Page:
Artist Willie Baronet is on a 24-city, 31-day trek from Seattle, Wash. to New York City looking for supplies.

He's been buying handmade signs from homeless people for an art project called We Are All Homeless. Those signs are little more than a peripheral blur for many people. Baronet wants us to slow down, read them and understand.

"It really started because of my discomfort, my guilt, the way I felt, whenever I encountered a homeless person on the corner," he tells NPR's Eric Westervelt.

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Performing Arts
7:12 am
Sun July 27, 2014

At Some Venues, iPads Take The Place Of Opera Glasses

Originally published on Sun July 27, 2014 10:26 am

Copyright 2014 NPR. To see more, visit http://www.npr.org/.

Transcript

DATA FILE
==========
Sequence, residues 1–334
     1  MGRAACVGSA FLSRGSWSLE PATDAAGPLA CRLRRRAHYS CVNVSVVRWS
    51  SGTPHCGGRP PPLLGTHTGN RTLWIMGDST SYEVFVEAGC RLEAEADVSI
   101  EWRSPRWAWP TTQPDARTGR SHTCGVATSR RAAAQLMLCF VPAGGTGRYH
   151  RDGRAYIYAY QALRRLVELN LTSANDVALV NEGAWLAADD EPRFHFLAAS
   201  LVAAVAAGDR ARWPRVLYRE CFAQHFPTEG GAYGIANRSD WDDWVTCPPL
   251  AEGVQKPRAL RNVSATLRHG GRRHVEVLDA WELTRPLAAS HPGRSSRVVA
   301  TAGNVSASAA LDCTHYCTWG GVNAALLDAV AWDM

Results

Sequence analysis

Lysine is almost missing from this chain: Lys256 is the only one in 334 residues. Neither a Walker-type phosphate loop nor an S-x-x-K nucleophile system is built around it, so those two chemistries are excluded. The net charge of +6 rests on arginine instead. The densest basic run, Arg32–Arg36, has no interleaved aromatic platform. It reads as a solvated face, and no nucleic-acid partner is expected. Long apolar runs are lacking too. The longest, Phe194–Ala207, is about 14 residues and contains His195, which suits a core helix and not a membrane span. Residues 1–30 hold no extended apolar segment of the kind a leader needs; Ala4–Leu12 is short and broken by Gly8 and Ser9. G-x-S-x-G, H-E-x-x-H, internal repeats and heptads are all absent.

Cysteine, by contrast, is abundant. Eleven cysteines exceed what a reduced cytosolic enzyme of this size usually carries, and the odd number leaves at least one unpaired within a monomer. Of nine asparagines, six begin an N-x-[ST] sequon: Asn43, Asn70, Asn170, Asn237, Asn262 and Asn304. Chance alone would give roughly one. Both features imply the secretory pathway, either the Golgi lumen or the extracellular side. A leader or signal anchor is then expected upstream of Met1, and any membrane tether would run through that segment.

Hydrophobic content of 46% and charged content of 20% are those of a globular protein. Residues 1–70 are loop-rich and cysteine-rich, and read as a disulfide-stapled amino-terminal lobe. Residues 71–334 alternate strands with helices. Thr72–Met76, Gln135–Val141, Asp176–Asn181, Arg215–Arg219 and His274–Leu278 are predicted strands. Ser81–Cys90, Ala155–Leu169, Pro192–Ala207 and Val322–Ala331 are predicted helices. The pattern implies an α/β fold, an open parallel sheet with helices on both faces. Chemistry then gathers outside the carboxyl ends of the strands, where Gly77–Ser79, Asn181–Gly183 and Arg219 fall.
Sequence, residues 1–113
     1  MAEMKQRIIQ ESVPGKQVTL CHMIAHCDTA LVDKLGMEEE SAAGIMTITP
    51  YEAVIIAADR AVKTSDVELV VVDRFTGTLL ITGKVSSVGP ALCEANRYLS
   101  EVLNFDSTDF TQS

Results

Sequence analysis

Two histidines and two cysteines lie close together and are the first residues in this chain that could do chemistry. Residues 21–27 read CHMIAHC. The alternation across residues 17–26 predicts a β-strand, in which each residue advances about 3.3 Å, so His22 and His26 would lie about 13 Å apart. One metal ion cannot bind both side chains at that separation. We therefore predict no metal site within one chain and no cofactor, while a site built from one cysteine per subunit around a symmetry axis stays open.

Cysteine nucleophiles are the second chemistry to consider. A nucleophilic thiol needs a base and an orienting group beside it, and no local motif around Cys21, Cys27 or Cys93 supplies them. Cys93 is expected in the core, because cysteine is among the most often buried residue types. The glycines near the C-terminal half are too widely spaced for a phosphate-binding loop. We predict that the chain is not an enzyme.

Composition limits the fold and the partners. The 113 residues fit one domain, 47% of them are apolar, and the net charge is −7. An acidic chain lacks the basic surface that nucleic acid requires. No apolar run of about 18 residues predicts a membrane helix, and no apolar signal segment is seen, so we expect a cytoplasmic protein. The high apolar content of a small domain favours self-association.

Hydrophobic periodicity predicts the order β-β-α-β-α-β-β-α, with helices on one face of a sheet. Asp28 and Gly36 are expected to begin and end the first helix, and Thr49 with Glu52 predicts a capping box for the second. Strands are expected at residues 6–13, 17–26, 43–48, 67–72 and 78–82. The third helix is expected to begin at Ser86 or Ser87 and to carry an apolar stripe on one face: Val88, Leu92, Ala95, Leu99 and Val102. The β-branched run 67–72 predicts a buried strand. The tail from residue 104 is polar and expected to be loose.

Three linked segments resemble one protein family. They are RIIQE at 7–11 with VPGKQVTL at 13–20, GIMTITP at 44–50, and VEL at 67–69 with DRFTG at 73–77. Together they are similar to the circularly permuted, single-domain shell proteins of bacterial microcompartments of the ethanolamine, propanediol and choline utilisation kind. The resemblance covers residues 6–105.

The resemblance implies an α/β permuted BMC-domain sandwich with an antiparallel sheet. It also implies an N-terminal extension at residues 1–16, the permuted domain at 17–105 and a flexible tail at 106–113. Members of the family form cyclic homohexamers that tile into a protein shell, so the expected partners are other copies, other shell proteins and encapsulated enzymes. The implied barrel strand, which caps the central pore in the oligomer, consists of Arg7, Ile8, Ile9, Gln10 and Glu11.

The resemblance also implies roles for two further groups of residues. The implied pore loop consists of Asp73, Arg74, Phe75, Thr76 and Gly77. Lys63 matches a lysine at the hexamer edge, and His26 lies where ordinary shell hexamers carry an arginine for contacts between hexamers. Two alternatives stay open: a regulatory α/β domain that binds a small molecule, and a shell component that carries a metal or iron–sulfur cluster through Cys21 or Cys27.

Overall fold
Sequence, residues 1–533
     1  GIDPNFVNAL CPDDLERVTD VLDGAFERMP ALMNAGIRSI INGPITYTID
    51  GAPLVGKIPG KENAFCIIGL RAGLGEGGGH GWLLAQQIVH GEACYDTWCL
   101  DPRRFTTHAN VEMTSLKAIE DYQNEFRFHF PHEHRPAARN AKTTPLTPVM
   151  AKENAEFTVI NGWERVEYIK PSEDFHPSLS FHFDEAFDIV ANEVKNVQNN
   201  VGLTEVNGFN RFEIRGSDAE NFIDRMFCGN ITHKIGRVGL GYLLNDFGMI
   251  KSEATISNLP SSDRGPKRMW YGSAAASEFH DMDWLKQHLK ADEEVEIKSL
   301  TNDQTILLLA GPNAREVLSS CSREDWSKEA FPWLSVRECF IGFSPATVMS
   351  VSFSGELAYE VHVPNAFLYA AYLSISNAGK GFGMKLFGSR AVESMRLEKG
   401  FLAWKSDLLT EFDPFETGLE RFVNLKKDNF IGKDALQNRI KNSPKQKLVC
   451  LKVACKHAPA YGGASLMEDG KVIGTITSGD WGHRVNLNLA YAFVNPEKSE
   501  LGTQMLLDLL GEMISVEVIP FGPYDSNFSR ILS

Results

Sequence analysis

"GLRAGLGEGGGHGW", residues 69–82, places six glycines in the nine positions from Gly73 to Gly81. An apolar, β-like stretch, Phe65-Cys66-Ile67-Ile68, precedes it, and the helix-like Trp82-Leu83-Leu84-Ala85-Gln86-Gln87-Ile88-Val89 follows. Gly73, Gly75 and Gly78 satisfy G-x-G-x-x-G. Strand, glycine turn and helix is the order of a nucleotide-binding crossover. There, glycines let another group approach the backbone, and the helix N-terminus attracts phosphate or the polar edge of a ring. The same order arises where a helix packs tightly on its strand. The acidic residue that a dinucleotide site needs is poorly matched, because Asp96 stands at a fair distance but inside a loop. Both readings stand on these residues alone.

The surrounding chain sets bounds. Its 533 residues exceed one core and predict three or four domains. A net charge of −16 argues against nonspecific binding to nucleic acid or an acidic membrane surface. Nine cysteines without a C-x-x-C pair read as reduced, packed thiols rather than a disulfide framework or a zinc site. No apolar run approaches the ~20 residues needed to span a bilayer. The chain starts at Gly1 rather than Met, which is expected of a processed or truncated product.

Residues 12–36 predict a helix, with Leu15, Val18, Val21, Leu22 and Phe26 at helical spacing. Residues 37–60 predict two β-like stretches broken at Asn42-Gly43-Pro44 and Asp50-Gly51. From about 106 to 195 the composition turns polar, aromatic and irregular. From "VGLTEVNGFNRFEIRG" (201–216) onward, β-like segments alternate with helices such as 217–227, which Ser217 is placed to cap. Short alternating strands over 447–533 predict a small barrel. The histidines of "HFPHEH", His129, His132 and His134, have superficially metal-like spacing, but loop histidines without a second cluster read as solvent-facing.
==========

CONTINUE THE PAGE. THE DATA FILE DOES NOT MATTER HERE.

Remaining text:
ARUN RATH, HOST:

This is WEEKEND EDITION from NPR News. I'm Arun Rath.

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Author Interviews
7:12 am
Sun July 27, 2014

What Made Double Agent Kim Philby A Great Spy? His Friends.

Originally published on Sun July 27, 2014 10:26 am

Copyright 2014 NPR. To see more, visit http://www.npr.org/.

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ARUN RATH, HOST:

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Movie Interviews
7:12 am
Sun July 27, 2014

Latin-Funk Band Goes Metal, Covers Black Sabbath

Originally published on Sun July 27, 2014 10:26 am

Copyright 2014 NPR. To see more, visit http://www.npr.org/.

Sunday Puzzle
7:01 am
Sun July 27, 2014

A Flowery Puzzle For Budding Quizmasters

NPR

Originally published on Sun July 27, 2014 10:26 am

On-air challenge: Today's puzzle is a game of categories based on the word peony. For each category, name something in the category beginning with each of the letters P-E-O-N-Y.